By Gary L. Karl
This winter some Adirondack towns and villages are restricting their salt intake for health reasons.
Road salt, that is. They find that cutting back on road salt is healthier for their watersheds-and their budgets.
The levels of salt in Lake George have tripled in the last 30 years. A scientist who advises the Fund for Lake George, a grantmaking organization, estimates that if road salting had ended in 2009, it would take over 30 years for salt concentrations in the watershed to return to normal.
In Mirror Lake, in the Village of Lake Placid, salt concentrations are 160 times the median for Adirondack lakes not affected by road salt. The buildup of salt on the lake bottom inhibits spring turnover of the lake, jeopardizing cold water fish and the bottom-dwelling organisms that are the first link in a lake’s food chain.
Road salt doesn’t just run off the roads into the lakes. It is also absorbed by the ground. From there it can infiltrate drinking water wells and public water supplies and corrode potable water infrastructure.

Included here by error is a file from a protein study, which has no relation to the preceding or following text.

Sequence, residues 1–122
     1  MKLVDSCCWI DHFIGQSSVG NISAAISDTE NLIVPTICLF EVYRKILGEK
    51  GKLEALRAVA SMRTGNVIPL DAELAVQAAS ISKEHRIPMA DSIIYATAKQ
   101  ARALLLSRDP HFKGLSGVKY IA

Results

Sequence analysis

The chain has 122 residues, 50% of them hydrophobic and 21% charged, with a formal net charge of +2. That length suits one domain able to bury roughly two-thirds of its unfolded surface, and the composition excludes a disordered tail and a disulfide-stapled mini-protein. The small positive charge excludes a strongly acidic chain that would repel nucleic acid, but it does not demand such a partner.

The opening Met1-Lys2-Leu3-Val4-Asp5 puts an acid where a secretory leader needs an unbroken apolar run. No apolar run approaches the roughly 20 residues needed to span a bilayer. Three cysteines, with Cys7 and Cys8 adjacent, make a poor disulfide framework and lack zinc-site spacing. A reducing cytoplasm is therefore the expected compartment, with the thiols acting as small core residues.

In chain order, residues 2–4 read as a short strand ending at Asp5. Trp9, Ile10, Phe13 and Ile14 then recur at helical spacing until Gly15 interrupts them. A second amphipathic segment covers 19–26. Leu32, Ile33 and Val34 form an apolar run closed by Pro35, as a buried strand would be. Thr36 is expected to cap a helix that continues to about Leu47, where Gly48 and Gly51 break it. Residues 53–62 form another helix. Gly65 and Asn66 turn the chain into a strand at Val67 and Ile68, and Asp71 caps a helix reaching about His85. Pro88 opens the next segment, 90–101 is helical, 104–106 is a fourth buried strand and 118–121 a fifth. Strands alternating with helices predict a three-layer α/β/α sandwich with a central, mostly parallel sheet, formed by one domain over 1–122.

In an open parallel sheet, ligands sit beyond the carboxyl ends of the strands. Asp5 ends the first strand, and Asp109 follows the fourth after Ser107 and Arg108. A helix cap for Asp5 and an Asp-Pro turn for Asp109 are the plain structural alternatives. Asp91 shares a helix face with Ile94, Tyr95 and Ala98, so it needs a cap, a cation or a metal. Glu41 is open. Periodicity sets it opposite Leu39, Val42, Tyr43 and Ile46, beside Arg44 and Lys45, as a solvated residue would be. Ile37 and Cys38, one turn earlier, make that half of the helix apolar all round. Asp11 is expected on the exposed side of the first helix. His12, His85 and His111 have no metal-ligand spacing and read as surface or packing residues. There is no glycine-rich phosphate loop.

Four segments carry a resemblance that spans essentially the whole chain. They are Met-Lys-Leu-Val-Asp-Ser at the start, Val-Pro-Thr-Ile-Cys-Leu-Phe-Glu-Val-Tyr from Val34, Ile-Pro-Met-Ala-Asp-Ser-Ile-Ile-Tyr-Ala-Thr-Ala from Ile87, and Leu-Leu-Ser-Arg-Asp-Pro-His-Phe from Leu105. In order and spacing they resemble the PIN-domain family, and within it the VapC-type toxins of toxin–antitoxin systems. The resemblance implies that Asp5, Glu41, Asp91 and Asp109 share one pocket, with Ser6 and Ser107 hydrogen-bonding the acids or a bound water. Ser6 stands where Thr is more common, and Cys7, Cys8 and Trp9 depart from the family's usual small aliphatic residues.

Municipalities surrounding Lake George have started a program to cut their use of road salt in half by 2020 on the 250 miles of roads they maintain in the watershed. Their counterparts around Mirror Lake are organizing their own initiative. And governments around the two lakes are collaborating on a common state grant to explore alternatives.
It’s no surprise that new technologies are part of the solution: highway departments are using GPS to monitor road conditions, test-driving new-generation plow blades, and applying a salt substitute known as brine. But common sense in spreading old-fashioned rock salt helps, too.
The surprise is that governments are finding that the new approaches can save them money, too. Just like the doctor says, cutting back on salt is healthier all the way around.
The Schroon Lake watershed contains over 200 miles of roads. According to Adirondack Lakes Assessment Program (ALAP) testing data from 2016 (the most recent year available), the impact of road salt on Schroon Lake is “moderate,” although the chloride concentration in the lake is in the top quartile of the lakes participating in the ALAP survey.
Horicon Supervisor Matt Simpson tells the Mini Pearl that his town’s highway department follows industry best practices to minimize the rock salt applied to the roads, mixing in “just enough” to keep the sand from freezing. But, he notes, sometimes “just enough” is not enough in the opinion of constituents who want their roads bare of snow and ice.
Mr. Simpson is also the current president of the Association of Adirondack Towns and Villages. In that role he is working with other Adirondack leaders and stakeholders to develop a best practices standard for road salt use across the entire Adirondack Park–one that balances concerns for the watershed and constituent expectations.